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Palestinian woman hopes to open Israeli education doors for others

  • Story Highlights
  • Palestinian Sawsan Salameh faced many obstacles before attending Israeli school
  • She hopes she can open doors for other students to study where they want
  • She also has become a role model for girls in the West Bank to pursue education
Dana Rosenblatt
CNN
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(CNN) -- For many graduate students seeking an advanced education degree, obstacles abound. Issues of finance, time management and family logistics often get in the way of students furthering their education and their dreams.

Palestinian Sawsan Salameh is attending an Israeli university after years of negotiations and court proceedings.

Palestinian Sawsan Salameh is attending an Israeli university after years of negotiations and court proceedings.

For Sawsan Salameh, the obstacles also involved politics.

Several years ago, Salameh, a 31-year-old Palestinian from the West Bank village of Anata, was granted a scholarship to study at Hebrew University of Jerusalem. Although her town is only a few miles from the university, access to the school was out of reach because of an Israeli military ban that limited Palestinian students' access to Israeli universities, on security grounds.

But she was far from giving up on her goal of pursuing her education.

"When I was in high school, it was a dream that I should finish my Ph.D.," Salameh said.

After obtaining a master's degree at Al Quds University, a Palestinian school in the West Bank, Salameh was granted full scholarships at several international schools, including Hebrew University.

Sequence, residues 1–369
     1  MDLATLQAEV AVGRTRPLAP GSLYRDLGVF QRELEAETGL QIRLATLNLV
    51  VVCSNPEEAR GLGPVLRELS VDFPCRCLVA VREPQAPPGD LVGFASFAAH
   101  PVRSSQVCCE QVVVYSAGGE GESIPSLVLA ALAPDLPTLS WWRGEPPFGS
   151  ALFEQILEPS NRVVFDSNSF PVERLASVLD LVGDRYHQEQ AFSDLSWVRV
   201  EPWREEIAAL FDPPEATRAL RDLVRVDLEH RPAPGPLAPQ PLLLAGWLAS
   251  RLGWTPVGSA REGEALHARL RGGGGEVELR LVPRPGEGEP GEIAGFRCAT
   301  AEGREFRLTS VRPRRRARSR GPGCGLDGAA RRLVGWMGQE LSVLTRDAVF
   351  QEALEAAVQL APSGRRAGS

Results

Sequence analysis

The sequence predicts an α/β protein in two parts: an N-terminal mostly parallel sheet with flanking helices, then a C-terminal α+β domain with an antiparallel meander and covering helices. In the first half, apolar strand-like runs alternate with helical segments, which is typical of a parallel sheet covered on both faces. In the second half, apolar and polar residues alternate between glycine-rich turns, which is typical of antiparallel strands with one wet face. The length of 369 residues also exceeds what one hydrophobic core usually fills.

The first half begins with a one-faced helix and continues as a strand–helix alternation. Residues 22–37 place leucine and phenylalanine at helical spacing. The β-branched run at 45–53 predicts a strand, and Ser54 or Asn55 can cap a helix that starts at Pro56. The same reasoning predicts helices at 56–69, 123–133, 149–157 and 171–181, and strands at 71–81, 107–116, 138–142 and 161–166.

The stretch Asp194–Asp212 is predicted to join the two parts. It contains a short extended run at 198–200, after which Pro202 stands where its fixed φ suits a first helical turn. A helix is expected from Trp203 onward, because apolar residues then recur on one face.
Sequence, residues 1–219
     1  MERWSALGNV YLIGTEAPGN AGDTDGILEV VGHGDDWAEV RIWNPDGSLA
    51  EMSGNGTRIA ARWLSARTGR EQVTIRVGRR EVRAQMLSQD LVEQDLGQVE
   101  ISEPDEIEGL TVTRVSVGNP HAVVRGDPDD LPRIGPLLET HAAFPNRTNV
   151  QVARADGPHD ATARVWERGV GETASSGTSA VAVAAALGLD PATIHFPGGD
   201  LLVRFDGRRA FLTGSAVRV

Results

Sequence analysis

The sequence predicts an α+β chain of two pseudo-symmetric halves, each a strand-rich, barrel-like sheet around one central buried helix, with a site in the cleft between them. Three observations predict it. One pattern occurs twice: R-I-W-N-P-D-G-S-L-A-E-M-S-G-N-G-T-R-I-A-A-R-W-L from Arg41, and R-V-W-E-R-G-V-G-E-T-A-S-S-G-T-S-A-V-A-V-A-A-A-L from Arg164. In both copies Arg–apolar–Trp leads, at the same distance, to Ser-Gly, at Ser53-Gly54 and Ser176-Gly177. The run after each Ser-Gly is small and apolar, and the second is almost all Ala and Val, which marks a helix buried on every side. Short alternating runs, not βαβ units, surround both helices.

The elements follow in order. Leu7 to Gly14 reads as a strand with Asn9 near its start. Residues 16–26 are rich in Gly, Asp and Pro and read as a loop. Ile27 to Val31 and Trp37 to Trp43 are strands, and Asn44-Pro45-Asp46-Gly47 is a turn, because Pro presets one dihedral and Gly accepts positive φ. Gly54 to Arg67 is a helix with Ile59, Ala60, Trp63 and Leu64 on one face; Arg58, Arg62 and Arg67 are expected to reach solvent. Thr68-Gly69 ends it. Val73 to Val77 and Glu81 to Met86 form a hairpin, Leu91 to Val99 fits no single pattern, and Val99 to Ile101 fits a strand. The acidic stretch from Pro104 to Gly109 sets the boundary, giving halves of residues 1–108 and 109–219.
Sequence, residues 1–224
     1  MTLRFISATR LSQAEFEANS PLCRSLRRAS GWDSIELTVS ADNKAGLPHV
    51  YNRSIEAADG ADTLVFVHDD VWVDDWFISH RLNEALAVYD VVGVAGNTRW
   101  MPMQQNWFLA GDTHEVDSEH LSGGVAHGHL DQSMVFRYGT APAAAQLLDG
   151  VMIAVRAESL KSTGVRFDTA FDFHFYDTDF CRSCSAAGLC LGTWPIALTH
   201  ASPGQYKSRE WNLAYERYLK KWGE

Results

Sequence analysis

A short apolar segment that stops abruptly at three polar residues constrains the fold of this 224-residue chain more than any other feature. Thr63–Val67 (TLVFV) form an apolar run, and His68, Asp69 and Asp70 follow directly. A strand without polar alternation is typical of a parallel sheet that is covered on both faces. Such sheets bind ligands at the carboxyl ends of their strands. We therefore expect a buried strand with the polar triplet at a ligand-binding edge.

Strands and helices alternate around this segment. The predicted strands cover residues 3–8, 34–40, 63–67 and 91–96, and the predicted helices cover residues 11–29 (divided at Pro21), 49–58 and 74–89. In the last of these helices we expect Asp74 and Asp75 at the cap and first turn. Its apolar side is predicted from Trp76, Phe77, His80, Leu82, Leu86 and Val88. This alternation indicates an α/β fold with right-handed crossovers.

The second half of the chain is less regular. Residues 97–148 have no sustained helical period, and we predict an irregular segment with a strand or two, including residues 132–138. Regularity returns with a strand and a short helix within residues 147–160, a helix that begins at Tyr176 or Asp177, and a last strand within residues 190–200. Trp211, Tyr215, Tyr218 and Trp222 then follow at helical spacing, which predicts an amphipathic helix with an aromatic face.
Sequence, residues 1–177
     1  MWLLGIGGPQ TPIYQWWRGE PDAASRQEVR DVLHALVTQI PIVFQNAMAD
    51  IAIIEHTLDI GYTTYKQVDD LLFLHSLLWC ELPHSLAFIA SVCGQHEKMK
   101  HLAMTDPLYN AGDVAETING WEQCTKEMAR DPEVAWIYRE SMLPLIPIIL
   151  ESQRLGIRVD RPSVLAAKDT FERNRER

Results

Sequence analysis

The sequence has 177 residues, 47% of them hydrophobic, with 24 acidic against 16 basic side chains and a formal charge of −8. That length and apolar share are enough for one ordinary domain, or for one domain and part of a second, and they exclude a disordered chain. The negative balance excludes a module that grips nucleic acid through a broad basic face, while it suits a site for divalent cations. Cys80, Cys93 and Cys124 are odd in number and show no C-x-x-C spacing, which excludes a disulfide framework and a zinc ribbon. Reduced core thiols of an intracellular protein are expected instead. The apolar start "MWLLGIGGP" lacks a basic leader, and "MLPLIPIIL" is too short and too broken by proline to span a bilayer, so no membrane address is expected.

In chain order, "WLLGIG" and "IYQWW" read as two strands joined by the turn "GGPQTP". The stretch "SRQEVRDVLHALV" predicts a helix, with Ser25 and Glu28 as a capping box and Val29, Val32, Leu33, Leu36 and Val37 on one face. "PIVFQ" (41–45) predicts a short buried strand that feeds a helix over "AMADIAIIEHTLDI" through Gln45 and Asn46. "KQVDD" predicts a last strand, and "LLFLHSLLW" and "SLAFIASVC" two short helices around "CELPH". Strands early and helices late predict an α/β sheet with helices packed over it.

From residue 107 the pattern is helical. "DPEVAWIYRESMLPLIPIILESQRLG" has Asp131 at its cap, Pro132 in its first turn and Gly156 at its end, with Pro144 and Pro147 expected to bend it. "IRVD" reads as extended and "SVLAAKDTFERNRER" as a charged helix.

With the military ban in place, Salameh considered studying at a university abroad.

"I started to think I should get up and take this offer to leave, but it's not easy to go abroad, and the only chance is for me to study in Israel, because it's important for me to stay close to my family," Salameh said.

Salameh sought the support of the Israeli human rights organization Gisha, which submitted a petition to Israel's Supreme Court on her behalf in 2006.

The Supreme Court responded by asking the military to lift the ban and allow Salameh to study at Hebrew University, where she is pursuing a Ph.D. in pharmacology.

"We argued Sawsan's case for 2½ years, and at the end of the day, the military agreed to let Sawsan study," said Sari Bashi, director of Gisha.

"It was impossible to deny her incredible talents and the example she set for women and girls throughout the West Bank," Bashi says.

The Israeli military agreed to review all future requests for Palestinians in the West Bank wishing to pursue a degree at an Israeli university on a case-by-case basis, based on specific criteria.

The criteria include that the potential student clear all necessary internal security checks, that the student pursue a degree in a discipline that would encourage regional cooperation and develop area coexistence, and that the area of study not have the potential to cause damage to Israel, says Maj. Guy Inbar, spokesman for the Coordinator of Government Activities in the Territories.